Term



0



[watch]
Term: Fast ice Class:  
 vernacular   (0%)
Created 6 June 2017
Last modified 6 June 2017
Contributed by GCW Glossary

Permalink:
  n2t.net/ark:/99152/h2172

Definition: Ice that is anchored to the shore or ocean bottom, typically over shallow ocean shelves at continental margins; fast ice is defined by the fact that it does not move with the winds or currents.  NSIDCCryosphere 

Sea ice which forms and remains fast along the coast, where it is attached to the shore, to an ice wall, to an ice front, between shoals or grounded icebergs. Vertical fluctuations may be observed during changes of sea-level. Fast ice may be formed in situ from sea water or by freezing of pack ice of any age to the shore, and it may extend a few metres or several hundred kilometres from the coast. Fast ice may be more than one year old and may then be prefixed with the appropriate age category (old, second-year, or multi-year).  ASPECT2012 

Consolidated solid ice attached to the shore, to an ice wall or to an ice front. It forms by freezing to the shore of the ice cover forming in the coastal zone or as a result of freezing of drifting ice of any age category to the shore or fast ice. Vertical movement may be observed during tidal oscillations. It can be preserved without fracturing for two or more years transforming from first-year ice to multiyear ice and even shelf ice. The fast ice width can vary from several hundreds of meters to several hundreds of kilometers. That part of fast ice presenting a narrow fringe of ice directly attached to the coast with a shallow bottom and unresponsive to tidal oscillations that remains after the fast ice has moved away is called the Ice foot. Fast ice at the initial stage of formation consisting of nilas and young ice with a width up to 100-200 m is called young coastal ice. When coding and depicting fast ice on ice charts, total concentration is not indicated as this is always equal to 10/10 in accordance with the definition.  Bushuyev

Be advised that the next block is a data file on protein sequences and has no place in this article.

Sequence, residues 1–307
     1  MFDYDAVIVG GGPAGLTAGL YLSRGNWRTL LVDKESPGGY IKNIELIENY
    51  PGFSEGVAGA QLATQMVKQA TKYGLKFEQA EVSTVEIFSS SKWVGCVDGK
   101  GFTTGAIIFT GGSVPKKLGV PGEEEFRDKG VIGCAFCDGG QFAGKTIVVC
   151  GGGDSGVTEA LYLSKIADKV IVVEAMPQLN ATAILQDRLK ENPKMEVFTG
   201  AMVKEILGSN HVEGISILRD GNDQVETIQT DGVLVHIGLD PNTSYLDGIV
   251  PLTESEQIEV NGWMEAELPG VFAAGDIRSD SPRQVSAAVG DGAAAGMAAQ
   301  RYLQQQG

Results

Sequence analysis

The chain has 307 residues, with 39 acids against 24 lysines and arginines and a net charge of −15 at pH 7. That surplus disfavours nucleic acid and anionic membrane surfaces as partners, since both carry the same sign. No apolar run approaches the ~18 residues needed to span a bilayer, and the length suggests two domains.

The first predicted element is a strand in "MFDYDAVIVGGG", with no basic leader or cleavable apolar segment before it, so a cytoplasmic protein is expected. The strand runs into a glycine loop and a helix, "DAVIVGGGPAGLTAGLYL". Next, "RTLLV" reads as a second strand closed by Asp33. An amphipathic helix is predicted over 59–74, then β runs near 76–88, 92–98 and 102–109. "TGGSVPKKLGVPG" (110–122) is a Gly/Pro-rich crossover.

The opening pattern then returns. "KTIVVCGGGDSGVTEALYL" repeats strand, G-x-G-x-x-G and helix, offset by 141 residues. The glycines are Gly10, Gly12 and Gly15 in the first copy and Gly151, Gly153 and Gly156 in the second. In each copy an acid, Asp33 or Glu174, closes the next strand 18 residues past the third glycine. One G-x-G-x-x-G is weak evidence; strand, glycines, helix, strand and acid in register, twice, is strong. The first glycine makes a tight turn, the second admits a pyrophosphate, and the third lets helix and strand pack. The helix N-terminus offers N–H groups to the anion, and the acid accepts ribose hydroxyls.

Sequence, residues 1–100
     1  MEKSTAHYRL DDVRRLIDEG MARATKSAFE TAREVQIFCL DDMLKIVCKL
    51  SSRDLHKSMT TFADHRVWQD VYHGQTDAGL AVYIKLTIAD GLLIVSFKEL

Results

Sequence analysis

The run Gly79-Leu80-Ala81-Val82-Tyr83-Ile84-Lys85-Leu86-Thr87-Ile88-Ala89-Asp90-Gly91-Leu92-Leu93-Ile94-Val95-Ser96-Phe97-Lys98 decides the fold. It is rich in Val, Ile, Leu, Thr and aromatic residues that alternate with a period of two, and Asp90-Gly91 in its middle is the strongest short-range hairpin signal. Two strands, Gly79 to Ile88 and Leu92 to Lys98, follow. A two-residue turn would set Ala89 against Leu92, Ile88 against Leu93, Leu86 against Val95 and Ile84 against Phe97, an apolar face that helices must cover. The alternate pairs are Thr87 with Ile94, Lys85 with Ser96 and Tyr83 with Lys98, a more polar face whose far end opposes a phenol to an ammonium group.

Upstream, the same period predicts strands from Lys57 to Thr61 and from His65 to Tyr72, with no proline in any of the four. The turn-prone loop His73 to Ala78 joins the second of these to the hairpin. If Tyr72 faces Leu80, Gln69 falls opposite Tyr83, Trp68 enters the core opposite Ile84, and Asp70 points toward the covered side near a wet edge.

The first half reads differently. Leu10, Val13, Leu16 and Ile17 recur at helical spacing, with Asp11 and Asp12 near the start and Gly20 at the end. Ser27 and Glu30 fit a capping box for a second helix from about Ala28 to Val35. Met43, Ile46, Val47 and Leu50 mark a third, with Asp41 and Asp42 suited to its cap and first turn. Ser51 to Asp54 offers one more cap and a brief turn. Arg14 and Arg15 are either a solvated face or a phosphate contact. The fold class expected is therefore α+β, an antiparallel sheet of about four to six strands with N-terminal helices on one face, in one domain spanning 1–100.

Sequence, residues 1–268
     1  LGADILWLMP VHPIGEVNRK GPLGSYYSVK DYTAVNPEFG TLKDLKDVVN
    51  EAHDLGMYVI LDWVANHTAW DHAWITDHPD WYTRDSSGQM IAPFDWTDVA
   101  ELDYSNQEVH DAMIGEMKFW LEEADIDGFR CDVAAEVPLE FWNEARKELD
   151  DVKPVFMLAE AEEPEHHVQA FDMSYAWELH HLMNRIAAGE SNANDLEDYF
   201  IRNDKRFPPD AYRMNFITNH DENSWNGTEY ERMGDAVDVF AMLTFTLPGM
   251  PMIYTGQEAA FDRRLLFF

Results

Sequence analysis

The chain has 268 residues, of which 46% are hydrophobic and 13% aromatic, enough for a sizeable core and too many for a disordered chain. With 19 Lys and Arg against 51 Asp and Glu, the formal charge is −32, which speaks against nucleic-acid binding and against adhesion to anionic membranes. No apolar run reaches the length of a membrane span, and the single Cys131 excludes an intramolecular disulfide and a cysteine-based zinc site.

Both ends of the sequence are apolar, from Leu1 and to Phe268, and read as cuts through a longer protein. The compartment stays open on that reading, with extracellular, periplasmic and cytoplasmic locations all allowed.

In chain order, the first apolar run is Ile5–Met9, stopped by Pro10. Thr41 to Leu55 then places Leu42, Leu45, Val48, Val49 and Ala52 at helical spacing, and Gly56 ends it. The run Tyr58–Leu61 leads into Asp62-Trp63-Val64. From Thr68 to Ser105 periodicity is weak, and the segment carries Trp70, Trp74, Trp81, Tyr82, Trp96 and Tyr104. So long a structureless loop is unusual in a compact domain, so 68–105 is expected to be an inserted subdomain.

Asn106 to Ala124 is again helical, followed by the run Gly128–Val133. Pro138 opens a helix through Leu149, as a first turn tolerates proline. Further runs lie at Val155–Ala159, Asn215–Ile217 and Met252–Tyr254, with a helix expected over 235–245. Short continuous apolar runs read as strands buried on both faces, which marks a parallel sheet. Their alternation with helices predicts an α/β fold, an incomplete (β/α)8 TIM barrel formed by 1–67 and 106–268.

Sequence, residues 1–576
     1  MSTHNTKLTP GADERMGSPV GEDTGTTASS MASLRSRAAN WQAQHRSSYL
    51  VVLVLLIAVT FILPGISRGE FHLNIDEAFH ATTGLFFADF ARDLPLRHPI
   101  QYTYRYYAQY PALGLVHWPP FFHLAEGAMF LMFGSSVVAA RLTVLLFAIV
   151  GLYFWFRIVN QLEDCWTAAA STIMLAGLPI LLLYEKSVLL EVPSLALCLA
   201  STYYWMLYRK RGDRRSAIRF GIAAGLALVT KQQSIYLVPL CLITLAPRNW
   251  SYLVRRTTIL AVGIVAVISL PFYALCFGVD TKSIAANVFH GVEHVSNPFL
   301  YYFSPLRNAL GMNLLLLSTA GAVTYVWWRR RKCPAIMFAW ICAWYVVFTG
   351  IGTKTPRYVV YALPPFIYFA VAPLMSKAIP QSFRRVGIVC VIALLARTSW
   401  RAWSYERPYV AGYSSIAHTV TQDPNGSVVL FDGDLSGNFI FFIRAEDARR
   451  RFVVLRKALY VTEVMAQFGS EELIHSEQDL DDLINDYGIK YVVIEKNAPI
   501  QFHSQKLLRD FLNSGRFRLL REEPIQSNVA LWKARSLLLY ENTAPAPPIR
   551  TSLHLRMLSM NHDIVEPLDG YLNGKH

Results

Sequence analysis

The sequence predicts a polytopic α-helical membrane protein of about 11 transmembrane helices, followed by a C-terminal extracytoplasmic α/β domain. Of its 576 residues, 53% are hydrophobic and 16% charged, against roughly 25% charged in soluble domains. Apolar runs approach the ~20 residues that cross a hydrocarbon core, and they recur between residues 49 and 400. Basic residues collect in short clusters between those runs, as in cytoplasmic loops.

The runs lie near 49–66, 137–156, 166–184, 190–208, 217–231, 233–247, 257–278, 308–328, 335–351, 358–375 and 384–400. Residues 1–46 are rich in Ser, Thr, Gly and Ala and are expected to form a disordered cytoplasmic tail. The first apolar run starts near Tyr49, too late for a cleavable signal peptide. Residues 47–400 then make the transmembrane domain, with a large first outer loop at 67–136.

Sea ice that forms and remains fast along the coast, where it is attached to the shore, to an ice wall, to an ice front, between shoals or grounded icebergs. Vertical fluctuations may be observed during changes of sea level. Fast ice may be formed on site from sea water or by freezing of pack ice of any age to the shore, and it may extend a few yards (meters) or several hundred miles (kilometers) from the coast. Fast ice may be more than one year old and may then be prefixed with appropriate age category (old, second- year, or multiyear). If it is thicker than about 7 ft (2 m) above sea level, it is called an ice shelf.  WMOSeaIce 

Sea ice terminology, describing ice which forms and remains fast along the coast. It may be attached to the shore, to an ice wall, to an ice front, or between shoals or grounded icebergs. It can extend between a few metres to several hundred kilometres from the coast. It may be more than one year old, in which case it may be attached to the appropriate age category (old, second year or multi-year). If higher than 2 m above sea level, it is called an ice shelf.  ECCCanada 

Sea ice that is immobile due to its attachment to a coast, usually extending offshore to about the 20-m isobath. In protected bays and inlets, fast ice is smooth and level, typically reaching a thickness of between 2 and 2.5 m. Along exposed coastlines, fast ice may be greatly deformed. (Also called landfast ice.)  AMSglossary 

Sea ice which remains fast along the coast, where it is attached to the shore, to an ice wall, to an ice front, or over shoals, or between grounded icebergs. Fast ice may extend a few m or several hundred km from the shore. Fast ice may be more than one year old. When its surface level becomes higher than about 2 m above sea level, it is called an ice shelf.  SPRI 

 GCW 
Examples: